With wintery weather around the corner, following these nine safety tips has never been more important.
As the nights are drawing in and we wake to find frost on our windscreens, it’s becoming glaringly obvious winter is on its way again. Whether you’re a lover of the cold season or you’re clinging on to the summer, it’s vital you’re prepared for whatever the winter weather has to throw at you, and nowhere more so than with your car.
From the low winter sun and icy roads to scraping your windscreen before work, winter certainly throws more challenging driving conditions at us than any other season. But, if you stick with us and follow these nine top tips for getting your car ready, then it should be plain sailing (or should that be driving?!).
1. Breakdown cover
While this is probably a good idea year-round, with the more dangerous driving conditions ahead there’s no better time than now to bite the bullet and set up some breakdown cover.
Having breakdown cover will give you peace of mind when setting off in less than ideal conditions, as you’ll have someone to call should you get stuck. Without it, you’ll have to contact a local garage and could well be on a long waiting list, leaving you on the hard shoulder really feeling the chill.
The cost of comprehensive breakdown cover can be as little as £30 a year compared to potential call out fees - which could be more than double this, and that’s not even accounting for repair costs.
2. Pack a winter kit
It’s a good idea to put together a box of things that’ll really save the day should you encounter difficulty in wintery weather.
We’ve all chanced it and nipped out to the shop or a friend’s house without a coat in near-freezing conditions, relying on our car heaters to keep us warm. But, should you break down on the roads, the safest place to be is out of your car and away from the road.
So, pop the following things in a box and shove it in your boot:
- Warm blankets
- Warning triangle
- Food and drink
- First aid kit
- Phone charger
- Warm footwear.
Hopefully you won’t need them, but they might end up saving your bacon!
3. Have your car serviced
If, like a lot of people, you skip your car servicing here and there, it might be a good idea to have it done before the winter to give you added confidence your car’s in the best running order it can be.
While you’re there, why not ask your mechanic to replace the anti-freeze in your radiator too, adding to your protection against the elements.
4. Wiper blades and screen wash
The low winter sun is one thing to contend with when it comes to winter driving, but visibility can be tarnished by a number of other seasonal factors too.
Take the grit on the roads for example. It sprays back onto your windscreen and means you need to clean it much more frequently than over the warmer months. The morning freeze is another element that means extra attention is needed when it comes to clearing your windscreen as well.
So, check and clean your wiper blades regularly, and if you’re not confident you know what you’re doing most garages will check them for you for free. Also, make sure your screen wash levels are topped up before every journey. And last but not least, don’t forget to always have a pair of sunglasses to hand in the car!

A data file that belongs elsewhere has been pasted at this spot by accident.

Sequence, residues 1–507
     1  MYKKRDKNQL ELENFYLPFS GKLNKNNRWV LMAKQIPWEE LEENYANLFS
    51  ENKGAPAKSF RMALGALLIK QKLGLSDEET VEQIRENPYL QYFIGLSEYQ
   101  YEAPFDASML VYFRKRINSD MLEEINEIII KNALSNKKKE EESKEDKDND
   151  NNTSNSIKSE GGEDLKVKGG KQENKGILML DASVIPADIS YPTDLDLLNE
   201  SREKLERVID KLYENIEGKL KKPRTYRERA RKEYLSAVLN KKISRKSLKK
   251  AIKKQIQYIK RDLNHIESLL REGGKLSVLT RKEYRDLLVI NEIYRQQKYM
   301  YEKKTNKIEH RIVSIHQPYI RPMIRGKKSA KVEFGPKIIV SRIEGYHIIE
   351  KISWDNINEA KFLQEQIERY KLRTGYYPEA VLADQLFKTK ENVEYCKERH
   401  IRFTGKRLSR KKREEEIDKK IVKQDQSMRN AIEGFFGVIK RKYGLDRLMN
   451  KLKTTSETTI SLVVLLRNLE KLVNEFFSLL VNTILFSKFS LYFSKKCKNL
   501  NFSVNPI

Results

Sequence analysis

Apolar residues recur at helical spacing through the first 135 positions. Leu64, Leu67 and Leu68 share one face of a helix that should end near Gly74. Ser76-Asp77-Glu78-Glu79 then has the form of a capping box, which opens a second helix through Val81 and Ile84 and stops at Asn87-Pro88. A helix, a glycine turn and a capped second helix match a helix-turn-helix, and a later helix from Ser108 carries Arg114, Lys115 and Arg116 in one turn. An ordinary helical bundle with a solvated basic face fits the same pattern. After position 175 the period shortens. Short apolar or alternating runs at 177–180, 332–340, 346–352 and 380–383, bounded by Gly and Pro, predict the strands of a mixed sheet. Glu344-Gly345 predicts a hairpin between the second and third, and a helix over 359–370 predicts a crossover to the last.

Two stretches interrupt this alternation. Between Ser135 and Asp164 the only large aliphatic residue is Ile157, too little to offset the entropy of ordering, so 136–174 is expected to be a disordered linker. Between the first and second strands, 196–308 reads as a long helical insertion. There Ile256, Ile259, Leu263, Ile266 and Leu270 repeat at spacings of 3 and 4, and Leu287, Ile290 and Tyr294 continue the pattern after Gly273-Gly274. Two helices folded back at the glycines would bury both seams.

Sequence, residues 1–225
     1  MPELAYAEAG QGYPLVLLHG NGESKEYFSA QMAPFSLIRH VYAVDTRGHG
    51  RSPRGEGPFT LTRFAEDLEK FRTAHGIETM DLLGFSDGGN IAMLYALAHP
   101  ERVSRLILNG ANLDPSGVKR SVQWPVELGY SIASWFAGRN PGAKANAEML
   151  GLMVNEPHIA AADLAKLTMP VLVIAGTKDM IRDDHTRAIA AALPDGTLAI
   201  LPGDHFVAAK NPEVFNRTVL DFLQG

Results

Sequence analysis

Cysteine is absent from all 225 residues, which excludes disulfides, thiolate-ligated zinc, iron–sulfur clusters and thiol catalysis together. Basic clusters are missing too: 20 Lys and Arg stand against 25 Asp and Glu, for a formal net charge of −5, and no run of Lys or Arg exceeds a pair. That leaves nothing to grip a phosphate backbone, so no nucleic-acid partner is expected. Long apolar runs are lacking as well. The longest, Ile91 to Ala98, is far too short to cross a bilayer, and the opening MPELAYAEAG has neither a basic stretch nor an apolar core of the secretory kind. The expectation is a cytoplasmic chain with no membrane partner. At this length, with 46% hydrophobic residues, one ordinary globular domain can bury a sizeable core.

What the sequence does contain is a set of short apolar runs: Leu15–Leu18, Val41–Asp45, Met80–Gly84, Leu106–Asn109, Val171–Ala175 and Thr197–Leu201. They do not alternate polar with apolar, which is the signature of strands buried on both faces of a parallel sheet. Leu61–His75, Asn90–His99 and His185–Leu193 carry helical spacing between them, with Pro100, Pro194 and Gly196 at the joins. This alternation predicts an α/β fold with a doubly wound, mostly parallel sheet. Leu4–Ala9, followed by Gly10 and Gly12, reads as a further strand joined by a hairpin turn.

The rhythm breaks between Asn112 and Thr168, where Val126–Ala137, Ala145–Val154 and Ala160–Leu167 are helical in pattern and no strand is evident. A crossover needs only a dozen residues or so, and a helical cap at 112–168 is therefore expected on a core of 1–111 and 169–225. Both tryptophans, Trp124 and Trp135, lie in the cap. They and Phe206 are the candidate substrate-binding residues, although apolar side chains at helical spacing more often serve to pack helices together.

You don’t necessarily need to kit your car out with pricey snow tyres (although feel free to do so if you want!), but it’s important you check your tyres are up to the gruelling weather ahead. Look at the tread, and make sure it’s deep enough to grip the road in icy conditions.
Make sure you keep on top of your tyre pressure too, as this can change with dips in air temperature.
Cold and damp weather can put a strain on your car’s battery as it makes it harder for the engine to turn over, which can in turn impact the battery’s power. On top of this, your probably rely on your battery more heavily over the winter by regularly using your heater and electrical devices.
Most car batteries have between two and four years of reliable life, so if you think yours could be nearing the end of its life, think about replacing it in the run up to winter.
If your battery’s fairly new but you want an added layer of protection, then consider keeping jump leads in your boot.
Anti-freeze is designed to protect your engine in cold conditions, so it’s a good idea to check it’s topped up before the temperature drops.
If you’re confident looking under your bonnet, then top up the reservoir (no higher than the max level) yourself. If not, ask your local garage to help with checking and refilling.
The combination of shorter days and worse conditions means you use your lights more over the winter months. So, checking and cleaning your lights regularly will make driving over the winter safer, ensuring you’re visible to other road users whatever the weather.
In addition, you might want to consider carrying spare bulbs as an extra precaution - but be sure you know how to change them beforehand. Dark, cold and wet conditions certainly aren’t the ideal place to learn.
9. Winter car checks
If all the above information sounds great but you just haven’t got the time to see it through properly, or you’re simply not confident you know what you’re doing, then ask an expert for help.
Many garages or high street spare shops will do this for a fee, and some even offer free promotional winter car checks alongside servicing or MOTs.
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